Buy vs. Rent: Which Makes More Sense?


Across the country, apartment rental rates are falling and vacancies are rising, making renting an appealing alternative to buying. But there are a number of factors to consider besides costs.

Typically, the choice of renting versus buying is seen in financial terms, and tools like the Rent vs. Buy calculator can shed light on the financial tradeoffs. But unless the cost difference is extreme, the decision may hinge on issues that are harder to measure but no less important.

Renting is a short-term commitment, typically 12 months, sometimes only one. If the place proves unsatisfactory, you can move fairly soon.

Obviously, buying is a bigger commitment, perhaps a bigger commitment today than it was a few years ago, since home prices are not rising. It can easily take 10 or 15 percent appreciation to offset the various costs involved in buying and selling a property: title insurance, lawyer’s fees, mortgage application fees and points, realtor’s commission.

In good times, a home’s value will grow enough in three or four years to cover these costs, and home ownership does make financial sense over the long term. But today it might be smart to assume you won’t break even until you’ve had a home for seven, eight, even 10 years.

That could be a problem if you lose your job, want to move for a better one, or need to trade up because you get married or have children. For many people, the option of getting out quickly is, by itself, enough reason to choose renting over buying.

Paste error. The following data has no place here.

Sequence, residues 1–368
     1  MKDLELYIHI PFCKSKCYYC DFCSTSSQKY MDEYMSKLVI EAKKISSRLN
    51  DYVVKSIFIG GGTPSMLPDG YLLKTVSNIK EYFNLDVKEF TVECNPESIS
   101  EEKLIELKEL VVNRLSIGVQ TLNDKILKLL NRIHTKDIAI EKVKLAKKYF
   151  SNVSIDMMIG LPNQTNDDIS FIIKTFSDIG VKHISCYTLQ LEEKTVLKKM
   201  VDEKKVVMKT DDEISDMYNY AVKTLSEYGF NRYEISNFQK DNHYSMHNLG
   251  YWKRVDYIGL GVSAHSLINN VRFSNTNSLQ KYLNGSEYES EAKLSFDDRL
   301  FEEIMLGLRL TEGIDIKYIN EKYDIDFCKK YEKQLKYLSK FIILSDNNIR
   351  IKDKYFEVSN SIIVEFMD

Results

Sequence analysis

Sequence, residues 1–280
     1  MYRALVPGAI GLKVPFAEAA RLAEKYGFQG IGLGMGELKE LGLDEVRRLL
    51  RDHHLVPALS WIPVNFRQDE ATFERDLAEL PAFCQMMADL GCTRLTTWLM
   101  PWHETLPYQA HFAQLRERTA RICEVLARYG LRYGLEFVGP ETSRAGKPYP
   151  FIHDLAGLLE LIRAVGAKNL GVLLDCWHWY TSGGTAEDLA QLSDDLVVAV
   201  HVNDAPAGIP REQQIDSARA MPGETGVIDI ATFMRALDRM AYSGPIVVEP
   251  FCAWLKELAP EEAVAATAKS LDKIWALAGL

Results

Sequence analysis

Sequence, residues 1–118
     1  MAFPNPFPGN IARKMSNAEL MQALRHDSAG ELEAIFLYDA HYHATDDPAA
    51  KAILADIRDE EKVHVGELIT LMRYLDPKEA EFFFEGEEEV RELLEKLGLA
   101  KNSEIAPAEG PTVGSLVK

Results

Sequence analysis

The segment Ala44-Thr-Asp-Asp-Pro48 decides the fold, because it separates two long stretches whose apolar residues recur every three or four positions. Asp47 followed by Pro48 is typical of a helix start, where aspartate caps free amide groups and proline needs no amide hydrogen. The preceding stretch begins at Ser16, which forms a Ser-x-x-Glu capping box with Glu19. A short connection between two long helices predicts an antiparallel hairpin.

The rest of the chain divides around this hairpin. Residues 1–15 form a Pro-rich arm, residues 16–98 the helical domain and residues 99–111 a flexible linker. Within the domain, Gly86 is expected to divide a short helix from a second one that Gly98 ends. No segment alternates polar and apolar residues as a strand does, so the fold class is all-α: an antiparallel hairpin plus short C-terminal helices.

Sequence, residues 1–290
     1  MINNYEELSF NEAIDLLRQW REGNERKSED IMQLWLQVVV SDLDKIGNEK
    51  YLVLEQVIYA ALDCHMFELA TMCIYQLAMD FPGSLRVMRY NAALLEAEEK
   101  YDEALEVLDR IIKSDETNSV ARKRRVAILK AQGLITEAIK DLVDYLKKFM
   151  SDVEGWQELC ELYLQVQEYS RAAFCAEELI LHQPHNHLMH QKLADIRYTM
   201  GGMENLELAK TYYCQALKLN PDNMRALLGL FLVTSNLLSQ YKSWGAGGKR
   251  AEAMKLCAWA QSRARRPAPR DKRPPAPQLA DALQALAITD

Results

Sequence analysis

The short-term commitment of renting also means you can look at properties you might never consider buying. You might find a place that’s convenient to work but doesn’t have very good schools. For buyers, school quality matters, even if they don’t have children, because it affects property values. A renter without children can ignore this issue.

As a renter you can afford to be less concerned about the careworn property down the block, the local hotspot that’s a bit too noisy on Saturday nights or the disruptive construction project slated to start in a couple of years. For a buyer, all these might be deal killers.

Many cities have up-and-coming neighborhoods that are full of life and more affordable than the established areas. As a buyer, you’d have to worry that an improving neighborhood could hit a long dead period before it really turns the corner, sticking you with a less-than-desirable property. The renter doesn’t have to worry about that.

Because the commitment is short term, the renter also can afford to spend more to get the perfect place, knowing there’s an option of leaving if money gets tight. Because they can’t get out from under as easily, buyers should be more conservative.

The money issues certainly do matter. Before deciding which path to take, use the shopping tool to study mortgage rates, and plug the numbers into the Rent vs. Buy calculator. The average 30-year fixed-rate mortgage charges 5.48 percent, according to the survey, but there are lots of better deals. Wells Fargo (Stock Quote: WFC), for instance, charges 5.125 percent, and J.P.Morgan Chase (Stock Quote: JPM) has a 30-year deal for just 5 percent.

In using the calculator, note that several of the numbers you key in are no more than best guesses. You just don’t know what home-price appreciation will be, or the rate of return on money that could be invested if you rent and don’t need a down payment.

Renters enjoy lots of freedom that homeowners give up. In the end, that could be enough to tip the balance in favor or renting, for now if not forever.

—For the best rates on loans, bank accounts and credit cards, enter your ZIP code at

Show Comments

Back to Top